On Caring For Our Transsexual Friends

Here’s an article with helpful reminders about the dangers of outing transsexual men and women without their consent and the misleading linguistic pitfalls by which people commonly, either wittingly or unwittingly, perpetuate misconceptions about them. For those unfamiliar with the discourse related to trans issues, by “cis” she is referring to non-trans people:

So here’s the deal: if you out us, you can do more damage than you can possibly imagine.

You can expose trans people to violence. You could get them fired. You could make it impossible for them to find work–word of mouth travels quickly in small towns or closeknit industries. They could be harassed so much they need to quit their job, or to need to move, or all kinds of things. You don’t know, because you’ve never had to live with the consequences. Just because you know and trust someone, doesn’t mean that I can. It doesn’t mean that they won’t be hateful to me, and it certainly doesn’t mean that they will be respectful of my confidentiality.

For most people, “trans” erases the bit that comes after. This is why you never ever see a headline that says “transsexual woman” [blah blah blah]. No, it just says “transsexual” and is used as a noun rather than the adjective it is. It conjures the ever present “really a man” transphobic trope (quick mental test: see if you can describe a trans person without using it). For women like me, living our lives as a woman is constituted as untruthful. When most cis people become aware that I’m trans, they start treating me different. I can see the change immediately – when pronoun “slips” start “accidentally” happening, when I stop being counted with the right group. Because it’s ingrained, isn’t it? In a cissexist culture, only cissexuality (or a trans person’s ability to appear cissexual) is truly real, and any hint of anything else invalidates the whole.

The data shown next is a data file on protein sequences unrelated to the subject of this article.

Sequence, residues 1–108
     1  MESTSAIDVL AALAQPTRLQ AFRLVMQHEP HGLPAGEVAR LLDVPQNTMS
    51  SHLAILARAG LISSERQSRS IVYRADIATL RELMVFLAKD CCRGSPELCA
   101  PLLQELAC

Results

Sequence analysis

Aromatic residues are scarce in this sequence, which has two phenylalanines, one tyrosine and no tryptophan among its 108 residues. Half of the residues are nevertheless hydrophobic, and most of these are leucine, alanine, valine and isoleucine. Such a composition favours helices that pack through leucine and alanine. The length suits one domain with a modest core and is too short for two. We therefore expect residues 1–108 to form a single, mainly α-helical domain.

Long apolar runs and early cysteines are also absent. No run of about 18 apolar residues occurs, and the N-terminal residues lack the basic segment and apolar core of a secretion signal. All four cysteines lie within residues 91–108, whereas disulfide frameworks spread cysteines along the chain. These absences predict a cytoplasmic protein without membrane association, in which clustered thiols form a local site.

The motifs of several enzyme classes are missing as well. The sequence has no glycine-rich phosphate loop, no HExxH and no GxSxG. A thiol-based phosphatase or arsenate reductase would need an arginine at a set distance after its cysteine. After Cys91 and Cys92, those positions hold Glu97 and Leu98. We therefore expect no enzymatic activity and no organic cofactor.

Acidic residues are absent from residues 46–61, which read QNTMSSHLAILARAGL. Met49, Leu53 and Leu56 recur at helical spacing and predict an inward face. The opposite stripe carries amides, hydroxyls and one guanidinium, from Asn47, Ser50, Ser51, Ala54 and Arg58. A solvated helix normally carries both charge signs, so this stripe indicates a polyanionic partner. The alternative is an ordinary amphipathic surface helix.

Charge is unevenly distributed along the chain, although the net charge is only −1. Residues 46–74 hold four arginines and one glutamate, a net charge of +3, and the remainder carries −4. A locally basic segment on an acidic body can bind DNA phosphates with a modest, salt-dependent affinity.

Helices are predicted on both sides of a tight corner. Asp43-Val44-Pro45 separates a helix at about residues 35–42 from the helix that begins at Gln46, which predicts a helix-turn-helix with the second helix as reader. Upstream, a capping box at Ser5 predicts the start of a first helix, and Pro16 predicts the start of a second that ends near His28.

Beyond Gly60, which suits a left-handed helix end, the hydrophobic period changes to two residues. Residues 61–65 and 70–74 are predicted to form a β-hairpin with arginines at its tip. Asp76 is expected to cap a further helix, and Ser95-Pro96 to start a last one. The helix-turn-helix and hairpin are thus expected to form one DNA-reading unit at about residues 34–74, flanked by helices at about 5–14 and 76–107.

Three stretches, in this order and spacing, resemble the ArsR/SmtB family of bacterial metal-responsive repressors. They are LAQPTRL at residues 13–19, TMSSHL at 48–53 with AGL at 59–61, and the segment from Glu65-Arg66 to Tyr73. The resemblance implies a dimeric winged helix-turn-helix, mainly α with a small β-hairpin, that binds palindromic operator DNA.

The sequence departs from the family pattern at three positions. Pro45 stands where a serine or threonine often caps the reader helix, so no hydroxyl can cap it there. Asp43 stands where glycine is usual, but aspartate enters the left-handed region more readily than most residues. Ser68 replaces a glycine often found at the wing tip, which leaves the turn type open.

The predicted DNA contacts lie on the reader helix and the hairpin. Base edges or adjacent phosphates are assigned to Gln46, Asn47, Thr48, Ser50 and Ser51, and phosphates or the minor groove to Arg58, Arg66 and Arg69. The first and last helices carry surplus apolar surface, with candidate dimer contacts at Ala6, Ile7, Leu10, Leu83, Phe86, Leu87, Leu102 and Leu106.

Further on, she describes how her 17-18 year old students descended into disrespect and transphobia upon accidentally becoming aware of her trans status. That portion’s worth reading.

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About Daniel Fincke

Dr. Daniel Fincke  has his PhD in philosophy from Fordham University and spent 11 years teaching in college classrooms. He wrote his dissertation on Ethics and the philosophy of Friedrich Nietzsche. On Camels With Hammers, the careful philosophy blog he writes for a popular audience, Dan argues for atheism and develops a humanistic ethical theory he calls “Empowerment Ethics”. Dan also teaches affordable, non-matriculated, video-conferencing philosophy classes on ethics, Nietzsche, historical philosophy, and philosophy for atheists that anyone around the world can sign up for. (You can learn more about Dan’s online classes here.) Dan is an APPA  (American Philosophical Practitioners Association) certified philosophical counselor who offers philosophical advice services to help people work through the philosophical aspects of their practical problems or to work out their views on philosophical issues. (You can read examples of Dan’s advice here.) Through his blogging, his online teaching, and his philosophical advice services each, Dan specializes in helping people who have recently left a religious tradition work out their constructive answers to questions of ethics, metaphysics, the meaning of life, etc. as part of their process of radical worldview change.